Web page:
In this article, we present our experiences from research into the healthy ageing and well-being of older people and we report on our personal opinions of robots that may help the elderly to have sex and to cope with isolation and loneliness. However, and while there is a growing industry for sex robots and other sex toys and gadgets, there is also a growing concern about the ethics of such an industry. As is the case with pornography, the concept of sex robots may be criticized, yet it has deep roots in human civilization, with erotic depictions that date back to the Palaeolithic and Mesolithic Ages. So the need for an artefact that would offer sexually relevant functionality is not new at all. But what might be new and worrying is the potential for using artificial intelligence in sex robots in ways that might cause a repositioning of our entire value system. Such a threat is not related to the proliferation of sex robots per se but to the use of robots in general and in a variety of other fields of application.
We have acquired certain experiences from our involvement and participation in the context of European research projects such as the MARIO project (http://www.mario-project.eu). MARIO was a robot project that would facilitate the care of people with dementia . In that project, the main idea was to design and offer apps that are intended to serve as reminders for those affected, and which can relieve the burden on families, relatives and carers. In order to provide companionship for people with dementia, several games have been developed, which encourage patients to focus and engage. These include a painting game, which was the game most selected by the participants in a residential care home; Scopa, an Italian card game, which was the most selected game at a hospital; and Bingo, the most selected game among people in the community.
However, this is insufficient. There is plenty of time to fill within the 24 h of every day and then on each of the 7 days in every week, 365 days a year. Filling all these time with activities for the elderly is a somewhat Sisyphean task, but one that could mistakenly appear to be simple. The work and results of renowned researchers in this field indicate that the greatest dangers to the quality of life of old(er) people in general, and dementia patients, in particular, are isolation and loneliness.
Irvin Yalom, a famous psychoanalyst and well-known writer, who himself will be 88 this year, includes a passage about sex and death in one of his fictional writings entitled Staring at the Sun: Overcoming the Terror of Death . There Yalom writes about an elderly man, panicking because of his fear of death, who developed an atypical sex drive and as a result had many sexual encounters with women who lived in his senior citizens’ community.
Those who favour the advent of sex with robots are often perceived as being sexually deviant, even perverted. But a future with robots as sex partners is perfectly understandable, if one studies the past. Sex robots and other devices that have a sexually relevant functionality are nothing more than interactive sex dolls. And the latter are no novelty for our civilization – the first of these gadgets was invented during the seventeenth century by Dutch sailors who suffered from isolation and a lack of sex during long voyages at sea.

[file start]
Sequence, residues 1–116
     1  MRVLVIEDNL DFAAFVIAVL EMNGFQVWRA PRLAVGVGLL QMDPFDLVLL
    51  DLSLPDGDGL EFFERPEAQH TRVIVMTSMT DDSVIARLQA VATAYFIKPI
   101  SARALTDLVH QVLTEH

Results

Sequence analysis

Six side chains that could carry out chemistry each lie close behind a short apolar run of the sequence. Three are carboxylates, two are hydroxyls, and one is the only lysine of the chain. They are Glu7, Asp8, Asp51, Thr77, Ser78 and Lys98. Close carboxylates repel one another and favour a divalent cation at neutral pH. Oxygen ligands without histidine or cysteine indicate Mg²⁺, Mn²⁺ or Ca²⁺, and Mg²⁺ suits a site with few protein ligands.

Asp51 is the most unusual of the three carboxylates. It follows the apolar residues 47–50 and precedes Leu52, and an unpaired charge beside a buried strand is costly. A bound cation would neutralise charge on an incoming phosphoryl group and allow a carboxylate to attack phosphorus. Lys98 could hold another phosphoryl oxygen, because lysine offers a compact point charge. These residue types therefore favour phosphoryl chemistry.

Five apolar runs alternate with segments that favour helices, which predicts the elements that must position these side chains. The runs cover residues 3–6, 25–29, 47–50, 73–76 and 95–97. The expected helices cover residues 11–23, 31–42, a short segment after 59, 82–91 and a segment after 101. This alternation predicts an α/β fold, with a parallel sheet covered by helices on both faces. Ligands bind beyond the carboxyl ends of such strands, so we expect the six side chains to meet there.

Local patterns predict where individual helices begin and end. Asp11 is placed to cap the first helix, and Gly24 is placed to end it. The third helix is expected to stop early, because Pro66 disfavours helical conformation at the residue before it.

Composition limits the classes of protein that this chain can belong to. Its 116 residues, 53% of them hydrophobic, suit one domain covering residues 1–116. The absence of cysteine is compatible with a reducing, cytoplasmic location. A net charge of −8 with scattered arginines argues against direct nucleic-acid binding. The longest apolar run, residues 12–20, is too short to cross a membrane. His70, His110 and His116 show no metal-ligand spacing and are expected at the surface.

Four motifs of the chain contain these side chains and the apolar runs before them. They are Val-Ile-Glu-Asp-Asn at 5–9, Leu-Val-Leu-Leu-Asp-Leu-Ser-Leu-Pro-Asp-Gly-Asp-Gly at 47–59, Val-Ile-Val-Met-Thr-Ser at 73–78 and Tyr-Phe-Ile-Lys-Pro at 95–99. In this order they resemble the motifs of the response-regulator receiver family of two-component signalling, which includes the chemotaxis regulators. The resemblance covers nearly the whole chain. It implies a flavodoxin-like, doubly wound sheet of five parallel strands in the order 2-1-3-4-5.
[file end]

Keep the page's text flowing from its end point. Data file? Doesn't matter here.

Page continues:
These dolls, known as dames de voyage, were made of sewn fabric or old clothes and were a precursor of today’s sex dolls. And although one might not feel comfortable in admitting this, these “Dutch wives” are an example of a need leading to a solution.
2 A little bit of background
2.1 The story behind the story
The origins of our interest in this subject came unexpectedly when one of the authors was involved in a study, assigned in 2010 by a supranational institution, which concerned the future of accessibility and e-accessibility. The exact title of the study was “Study on Implications from Future ICT Trends on Assistive Technology and Accessibility”. There the question of sexual accessibility appeared at some point as a part of the discussions that took place, with the participation of external experts. With a little research, it was easy to recognize that this was not a new issue at all. Gary Karp, an accessibility expert and author who himself is disabled and with whom we had been in contact at that time, had also written a book on this subject Disability and The Art of Kissing: Questions and Answers on the True Nature of Intimacy . Karp had also been active in giving lectures on this subject, with exciting and attention-grabbing titles such as “Sex on Wheels” . While Karp himself conceded that the subject was sensitive, there is absolutely no reason, in our opinion, for leaving this subject untouched. What we did, and what we present in the following sections of this article, is embark on a type of technology and innovation monitoring process, where we have selected for highlighting some recent (and not so recent) technology news postings. Our aim for doing this was to help recognize that though their common denominator is sex, disability is only partly a framing parameter. It is therefore a case where all these sex gadgets, sex toys and other sex innovations are actually bridging the gaps in thinking on this subject, rather than letting the gaps grow bigger, which is a rather positive development in our view.
2.2 To see and to believe
We shall now explore some articles which have appeared in recent years – the oldest one dates back to January 2012.